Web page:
Tatiana Grigorieva is a Russian-born entrepreneur who became a household name when she won the silver medal for pole vaulting in the 2000 Sydney olympics – just three years after she had taken up the sport. After retiring as a professional athlete, Tatiana developed a taste for European treats and now runs an award-winning gelato shop in Australia with her partner.
Michael Klim is another Australian business success, who used his training experiences as entrepreneurial inspiration. Michael won three Olympic medals as a swimmer, and struggled to find a skincare product that counteracted the havoc wreaked on his skin by hours in swimming pools, and Australia’s harsh climate. He decided to create his own remedy, and Milk was born. Today, Milk is sold all over the world, including in the US, UK, China, and Singapore.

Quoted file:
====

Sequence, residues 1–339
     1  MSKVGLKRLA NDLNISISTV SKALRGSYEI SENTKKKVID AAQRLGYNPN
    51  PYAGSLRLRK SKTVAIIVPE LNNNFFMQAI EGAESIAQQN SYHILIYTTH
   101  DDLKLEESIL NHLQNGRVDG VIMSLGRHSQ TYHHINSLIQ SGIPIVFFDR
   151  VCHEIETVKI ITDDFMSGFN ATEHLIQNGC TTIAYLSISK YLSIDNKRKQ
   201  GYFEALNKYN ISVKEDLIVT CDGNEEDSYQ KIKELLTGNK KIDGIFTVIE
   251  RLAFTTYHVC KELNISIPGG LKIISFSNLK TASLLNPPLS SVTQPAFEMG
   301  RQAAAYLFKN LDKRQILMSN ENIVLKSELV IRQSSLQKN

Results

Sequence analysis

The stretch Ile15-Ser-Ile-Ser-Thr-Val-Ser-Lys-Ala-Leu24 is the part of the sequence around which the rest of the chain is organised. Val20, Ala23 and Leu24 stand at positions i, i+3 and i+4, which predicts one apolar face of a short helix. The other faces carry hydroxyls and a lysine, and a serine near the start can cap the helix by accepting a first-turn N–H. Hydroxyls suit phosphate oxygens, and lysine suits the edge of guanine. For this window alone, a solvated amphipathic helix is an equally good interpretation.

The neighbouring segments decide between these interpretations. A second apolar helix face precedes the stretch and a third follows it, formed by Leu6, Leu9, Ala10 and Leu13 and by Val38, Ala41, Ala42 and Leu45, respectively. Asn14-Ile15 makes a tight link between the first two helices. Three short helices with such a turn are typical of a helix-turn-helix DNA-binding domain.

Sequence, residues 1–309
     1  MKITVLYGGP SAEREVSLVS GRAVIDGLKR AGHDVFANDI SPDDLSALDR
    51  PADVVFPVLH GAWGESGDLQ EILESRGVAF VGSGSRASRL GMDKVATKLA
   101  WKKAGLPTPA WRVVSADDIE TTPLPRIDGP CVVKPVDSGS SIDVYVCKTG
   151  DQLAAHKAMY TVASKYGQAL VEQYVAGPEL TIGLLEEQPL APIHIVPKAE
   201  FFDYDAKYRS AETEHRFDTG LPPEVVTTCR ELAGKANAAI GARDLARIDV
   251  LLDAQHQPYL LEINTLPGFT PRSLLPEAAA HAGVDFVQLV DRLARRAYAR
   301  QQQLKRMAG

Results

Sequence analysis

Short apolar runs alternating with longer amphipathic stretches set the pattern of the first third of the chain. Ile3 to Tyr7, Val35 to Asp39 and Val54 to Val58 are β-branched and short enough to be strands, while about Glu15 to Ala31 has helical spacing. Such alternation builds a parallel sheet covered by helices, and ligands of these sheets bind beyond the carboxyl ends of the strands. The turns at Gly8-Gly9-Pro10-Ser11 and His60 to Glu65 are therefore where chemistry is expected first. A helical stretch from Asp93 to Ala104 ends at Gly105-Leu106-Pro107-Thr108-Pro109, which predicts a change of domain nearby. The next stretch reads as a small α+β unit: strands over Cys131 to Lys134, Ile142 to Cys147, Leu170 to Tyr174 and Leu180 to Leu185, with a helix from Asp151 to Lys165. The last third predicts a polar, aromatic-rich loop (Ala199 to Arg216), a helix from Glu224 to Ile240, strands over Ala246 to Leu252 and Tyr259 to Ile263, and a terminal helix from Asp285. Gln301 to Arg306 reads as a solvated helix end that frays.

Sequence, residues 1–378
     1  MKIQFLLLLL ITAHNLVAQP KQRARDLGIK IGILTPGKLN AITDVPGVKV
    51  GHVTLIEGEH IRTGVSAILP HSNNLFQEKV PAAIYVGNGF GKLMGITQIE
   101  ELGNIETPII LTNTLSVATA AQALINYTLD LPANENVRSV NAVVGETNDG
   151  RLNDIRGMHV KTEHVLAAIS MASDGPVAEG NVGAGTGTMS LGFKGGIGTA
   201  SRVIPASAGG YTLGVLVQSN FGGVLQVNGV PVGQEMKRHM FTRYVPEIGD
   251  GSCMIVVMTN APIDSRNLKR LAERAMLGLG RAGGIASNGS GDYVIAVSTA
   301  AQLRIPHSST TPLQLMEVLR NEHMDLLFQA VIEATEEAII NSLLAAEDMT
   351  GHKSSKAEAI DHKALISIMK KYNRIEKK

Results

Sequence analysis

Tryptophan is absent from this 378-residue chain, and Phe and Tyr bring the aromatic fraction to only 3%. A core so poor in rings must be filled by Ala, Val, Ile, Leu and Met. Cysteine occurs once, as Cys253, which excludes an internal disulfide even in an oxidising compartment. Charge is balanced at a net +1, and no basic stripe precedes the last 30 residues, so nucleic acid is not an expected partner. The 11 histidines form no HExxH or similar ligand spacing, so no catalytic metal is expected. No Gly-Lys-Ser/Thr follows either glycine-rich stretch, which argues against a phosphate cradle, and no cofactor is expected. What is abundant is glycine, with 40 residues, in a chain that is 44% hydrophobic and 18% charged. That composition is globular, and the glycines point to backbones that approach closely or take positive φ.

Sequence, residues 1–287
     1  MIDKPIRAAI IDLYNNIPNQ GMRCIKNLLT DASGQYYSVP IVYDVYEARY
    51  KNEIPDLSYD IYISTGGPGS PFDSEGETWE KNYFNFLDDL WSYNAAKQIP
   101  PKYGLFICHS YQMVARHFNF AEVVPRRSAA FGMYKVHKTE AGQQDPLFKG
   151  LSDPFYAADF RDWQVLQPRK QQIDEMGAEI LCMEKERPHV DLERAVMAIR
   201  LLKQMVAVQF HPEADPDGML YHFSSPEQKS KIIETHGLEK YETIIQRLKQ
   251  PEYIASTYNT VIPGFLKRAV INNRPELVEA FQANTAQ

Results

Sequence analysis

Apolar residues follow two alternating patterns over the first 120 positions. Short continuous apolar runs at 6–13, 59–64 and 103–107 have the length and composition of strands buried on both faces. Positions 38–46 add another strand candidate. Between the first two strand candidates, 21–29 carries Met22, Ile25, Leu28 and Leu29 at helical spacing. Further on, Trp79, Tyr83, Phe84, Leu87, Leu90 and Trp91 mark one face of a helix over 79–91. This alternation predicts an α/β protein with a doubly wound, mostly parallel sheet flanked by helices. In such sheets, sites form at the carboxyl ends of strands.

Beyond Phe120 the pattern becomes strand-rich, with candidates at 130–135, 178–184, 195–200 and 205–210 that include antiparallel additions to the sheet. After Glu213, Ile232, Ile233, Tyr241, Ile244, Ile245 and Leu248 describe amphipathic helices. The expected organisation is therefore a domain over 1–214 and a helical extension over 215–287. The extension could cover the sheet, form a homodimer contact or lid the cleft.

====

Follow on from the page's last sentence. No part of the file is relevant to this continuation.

How an Olympic attitude can shape your business
Olympians turned entrepreneurs and businessmen are proof that the core skills needed to get to the top of any market or field are the same:
Two types of Olympic event are the most memorable: those where the underdog came out on top, and those where the seasoned pro failed spectacularly. Whatever the outcome, the best athletes succeed because they are resilient. They have the ability to analyze their performance, and use it to improve. Every athlete has days when they perform poorly, but instead of seeing that as a reason to give up, they use it as a learning experience.
Olympians are the top of their field because they work hard, and train with the best. Just as professional athletes need an expert coach to train them to their peak, entrepreneurs and business leaders need to surround themselves with expert mentors or coaches in their field, who will help them fulfill their potential.